In Joachim Trier’s Oscar-nominated The Worst Person in the World, Herbert Nordrum plays Eivind, an Oslo barista who inadvertently becomes one corner of a curious love triangle.
In the film, Eivind meets Julie (a Cannes award-winning performance by Renate Reinsve) who has gate-crashed a wedding celebration on her way home from a party in honour of her older boyfriend, Aksel. A drink-fuelled discussion about the line between fidelity and cheating gradually morphs into a real entanglement. Trier’s film is the third in a loose series that has become known as his Oslo Trilogy – following Reprise (2006) and Oslo, August 31st (2011) – and is a moving blend of romcom, existential drama and cinematic fairy tale.
In addition to several television series, in recent years Nordrum has appeared in two hugely successful historical film dramas in Norway: Amundsen, a biopic of the iconic Polar explorer, and The King’s Choice, an account of the refusal of King Haakon VII to accept the German occupation of Norway during the Second World War and his subsequent escape to Britain.
As The Worst Person in the World is released in British cinemas, Nordrum took time out of his theatre schedule in Oslo to talk to Norwegian Arts about playing Hamlet, jumping fences and acting drunk.
What was your initial response to the script for The Worst Person in the World?
It was such a page-turner. It’s very seldom that you get scripts that feels like everything flows. It had all the elements: it felt like a big musical and it felt like a truly intimate drama. My way of getting the role was stereotypical – I went to audition and went through the loops. And I got to read the whole script right before I got to meet Joachim.
Joachim Trier has said that he and his co-writer Eskil Vogt like to keep room for actors to improvise – did you feel that during the shoot?
For the wedding sequence, we filmed that every night for seven nights. Because we slept in the daytime and filmed at night, we all became lucid, it truly felt like a party. Joachim is a DJ as well and between takes he played music and we just ran around and filmed in this apartment. It felt very free and we could do anything. The game [between Renate and I] of what is cheating felt very real.
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Did you and Renate already know each other?
Yes, we knew each other very well, we went to theatre school together here in Oslo and were great friends. I don’t think we had acted together before, it’s weird that we haven’t. It felt very safe, that collaboration.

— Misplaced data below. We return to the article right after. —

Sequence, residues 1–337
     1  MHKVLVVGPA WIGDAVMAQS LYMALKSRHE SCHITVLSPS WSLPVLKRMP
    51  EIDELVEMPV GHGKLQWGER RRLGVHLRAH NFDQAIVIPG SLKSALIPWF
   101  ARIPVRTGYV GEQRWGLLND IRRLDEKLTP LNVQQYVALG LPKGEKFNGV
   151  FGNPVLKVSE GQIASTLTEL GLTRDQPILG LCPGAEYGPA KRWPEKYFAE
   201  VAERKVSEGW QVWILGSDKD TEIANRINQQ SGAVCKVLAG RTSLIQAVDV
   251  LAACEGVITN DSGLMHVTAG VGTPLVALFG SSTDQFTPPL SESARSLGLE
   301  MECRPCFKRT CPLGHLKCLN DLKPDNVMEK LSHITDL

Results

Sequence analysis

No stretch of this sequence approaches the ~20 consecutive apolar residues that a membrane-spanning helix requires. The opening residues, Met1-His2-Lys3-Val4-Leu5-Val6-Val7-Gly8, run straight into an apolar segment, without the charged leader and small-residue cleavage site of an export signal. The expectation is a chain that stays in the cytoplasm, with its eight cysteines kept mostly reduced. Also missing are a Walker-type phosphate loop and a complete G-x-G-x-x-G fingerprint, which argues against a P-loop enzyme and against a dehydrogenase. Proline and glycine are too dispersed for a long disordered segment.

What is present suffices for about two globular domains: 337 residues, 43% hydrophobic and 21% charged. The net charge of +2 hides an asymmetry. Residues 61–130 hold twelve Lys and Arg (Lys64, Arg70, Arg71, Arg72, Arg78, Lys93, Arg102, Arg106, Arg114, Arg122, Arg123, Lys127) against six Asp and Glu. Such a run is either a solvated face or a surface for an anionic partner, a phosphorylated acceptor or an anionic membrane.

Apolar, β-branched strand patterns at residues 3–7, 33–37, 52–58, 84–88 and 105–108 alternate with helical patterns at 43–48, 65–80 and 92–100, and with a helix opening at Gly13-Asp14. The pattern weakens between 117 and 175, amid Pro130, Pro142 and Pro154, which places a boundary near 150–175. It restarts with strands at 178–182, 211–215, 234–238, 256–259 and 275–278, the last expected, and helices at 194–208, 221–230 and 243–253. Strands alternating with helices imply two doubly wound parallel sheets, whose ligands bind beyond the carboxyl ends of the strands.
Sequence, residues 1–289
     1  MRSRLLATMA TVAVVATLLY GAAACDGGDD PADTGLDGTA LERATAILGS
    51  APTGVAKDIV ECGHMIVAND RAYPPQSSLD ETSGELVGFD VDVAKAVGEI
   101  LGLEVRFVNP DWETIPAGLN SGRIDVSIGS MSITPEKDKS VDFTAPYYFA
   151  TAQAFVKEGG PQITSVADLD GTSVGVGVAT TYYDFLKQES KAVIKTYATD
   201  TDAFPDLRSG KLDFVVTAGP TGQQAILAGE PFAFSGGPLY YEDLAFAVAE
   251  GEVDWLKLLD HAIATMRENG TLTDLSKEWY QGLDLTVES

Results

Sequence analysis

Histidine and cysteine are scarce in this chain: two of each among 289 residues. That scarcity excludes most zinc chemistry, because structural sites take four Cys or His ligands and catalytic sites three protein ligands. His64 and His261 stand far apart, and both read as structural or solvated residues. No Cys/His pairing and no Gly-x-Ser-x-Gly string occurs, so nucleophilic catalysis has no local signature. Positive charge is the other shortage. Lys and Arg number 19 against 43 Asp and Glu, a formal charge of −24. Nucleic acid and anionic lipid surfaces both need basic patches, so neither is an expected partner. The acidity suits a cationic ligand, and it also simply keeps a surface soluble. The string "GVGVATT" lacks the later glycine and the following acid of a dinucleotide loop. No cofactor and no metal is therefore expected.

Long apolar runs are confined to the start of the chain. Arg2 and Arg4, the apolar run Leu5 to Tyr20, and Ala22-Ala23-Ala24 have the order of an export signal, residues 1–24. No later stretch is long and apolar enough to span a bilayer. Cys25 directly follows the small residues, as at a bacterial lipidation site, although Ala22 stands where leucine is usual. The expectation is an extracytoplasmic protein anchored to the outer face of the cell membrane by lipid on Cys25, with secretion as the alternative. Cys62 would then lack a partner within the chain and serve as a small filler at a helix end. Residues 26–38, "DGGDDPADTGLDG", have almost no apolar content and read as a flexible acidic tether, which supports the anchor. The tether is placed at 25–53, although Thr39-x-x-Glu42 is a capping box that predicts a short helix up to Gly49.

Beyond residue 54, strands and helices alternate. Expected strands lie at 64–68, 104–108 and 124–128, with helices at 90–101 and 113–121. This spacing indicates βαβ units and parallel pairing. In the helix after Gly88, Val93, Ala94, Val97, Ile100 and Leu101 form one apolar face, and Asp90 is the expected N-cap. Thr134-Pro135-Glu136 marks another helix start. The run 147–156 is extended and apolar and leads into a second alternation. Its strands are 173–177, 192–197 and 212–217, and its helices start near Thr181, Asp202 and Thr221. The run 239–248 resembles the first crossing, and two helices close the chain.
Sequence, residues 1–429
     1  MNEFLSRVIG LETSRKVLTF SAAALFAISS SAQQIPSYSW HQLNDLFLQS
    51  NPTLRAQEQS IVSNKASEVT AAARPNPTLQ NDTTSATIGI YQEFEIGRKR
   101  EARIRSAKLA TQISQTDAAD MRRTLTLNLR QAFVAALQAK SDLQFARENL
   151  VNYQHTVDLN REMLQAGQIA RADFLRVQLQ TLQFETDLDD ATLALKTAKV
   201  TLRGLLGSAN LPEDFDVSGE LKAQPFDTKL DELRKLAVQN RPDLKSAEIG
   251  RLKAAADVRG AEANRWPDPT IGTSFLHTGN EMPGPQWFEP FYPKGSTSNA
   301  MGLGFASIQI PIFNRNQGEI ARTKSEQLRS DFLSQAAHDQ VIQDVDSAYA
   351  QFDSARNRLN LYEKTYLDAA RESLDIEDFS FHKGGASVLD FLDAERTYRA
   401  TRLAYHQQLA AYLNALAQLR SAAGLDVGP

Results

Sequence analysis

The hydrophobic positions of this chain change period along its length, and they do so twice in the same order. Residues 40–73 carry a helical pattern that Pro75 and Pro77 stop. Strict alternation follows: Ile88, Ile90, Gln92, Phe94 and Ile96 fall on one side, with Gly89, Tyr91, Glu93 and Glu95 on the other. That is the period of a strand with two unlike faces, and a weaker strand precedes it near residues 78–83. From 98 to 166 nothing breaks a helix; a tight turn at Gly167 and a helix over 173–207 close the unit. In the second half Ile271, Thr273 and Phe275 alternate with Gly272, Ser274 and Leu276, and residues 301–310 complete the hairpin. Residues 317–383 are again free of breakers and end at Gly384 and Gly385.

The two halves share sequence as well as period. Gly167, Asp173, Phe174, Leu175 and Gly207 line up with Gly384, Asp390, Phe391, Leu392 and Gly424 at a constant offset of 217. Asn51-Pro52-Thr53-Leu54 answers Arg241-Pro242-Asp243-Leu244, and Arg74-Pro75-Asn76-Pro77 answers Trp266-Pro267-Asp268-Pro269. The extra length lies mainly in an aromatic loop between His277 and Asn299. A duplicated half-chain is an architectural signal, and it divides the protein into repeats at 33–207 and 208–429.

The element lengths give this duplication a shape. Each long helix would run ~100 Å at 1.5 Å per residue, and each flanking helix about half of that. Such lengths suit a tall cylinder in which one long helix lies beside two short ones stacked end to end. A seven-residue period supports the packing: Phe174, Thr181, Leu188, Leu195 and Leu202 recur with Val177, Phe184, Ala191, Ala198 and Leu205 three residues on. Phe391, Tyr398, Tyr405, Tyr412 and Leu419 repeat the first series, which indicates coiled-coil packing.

In several of key scenes your character, Eivind, is either drunk or high. How difficult is it to act being intoxicated?
It depends on the vibe on the set. That is everything. Joachim is really good at creating the right energy for every scene. You feel you don’t have to come in and make stuff up, you come and react together. So, when you’re supposed to be on magic mushrooms and drink wine, even though the mushrooms are fake and the wine is fake, you just let yourself come into that zone.
Do you prefer working on contemporary or period stories?
I think everything depends on the director and the project. Everything is about who’s eye the story is told through. So, really, it’s all about the director.
Does the film accurately capture Oslo in the summer?
Kind of. All of his films are filmed in Oslo. When I saw Reprise the first time, I was 19 and I felt like this was the first film that I’d seen that was about me and my friends. Or how we want to be. And in Oslo 31 August: the night when the character cycles around and goes swimming in the pool [Frognerbadet]. I’ve done all that. Every Oslo kid has jumped the fence to that pool and brought a couple of wine bottles. I feel like he captures Oslo in the summer really well.
I understand you’re currently appearing on stage in Oslo?
I’m playing Hamlet now at the National Theatre. It’s amazingly difficult and horribly interesting. It’s definitely the coolest thing I’ve done in the theatre. It was a dark year when we made this play. Now that we’re playing it, it feels easier in a way. You’ve found the thoughts and the ideas so when you go on stage they appear. So, you don’t have to go around being depressed all day.
Do you have any personal Norwegian cultural tips for British readers?
Jump the fence at Frognerbadet. Wait until about 12’o’clock at night. It’s the best feeling.
Explore Oslo as a character in the film through the map in this article.
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Top photo: Herbert Nordrum and Renate Reinsve as Eivind and Julie in Joachim Trier’s The Worst Person in the World (Photo: courtesy of MUBI)